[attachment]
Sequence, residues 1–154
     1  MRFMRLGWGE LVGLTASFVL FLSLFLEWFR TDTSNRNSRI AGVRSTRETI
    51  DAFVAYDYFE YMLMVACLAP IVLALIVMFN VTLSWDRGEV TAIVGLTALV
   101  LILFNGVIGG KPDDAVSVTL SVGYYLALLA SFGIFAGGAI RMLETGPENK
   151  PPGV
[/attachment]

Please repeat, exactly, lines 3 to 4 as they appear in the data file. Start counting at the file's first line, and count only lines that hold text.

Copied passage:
    51  DAFVAYDYFE YMLMVACLAP IVLALIVMFN VTLSWDRGEV TAIVGLTALV
   101  LILFNGVIGG KPDDAVSVTL SVGYYLALLA SFGIFAGGAI RMLETGPENK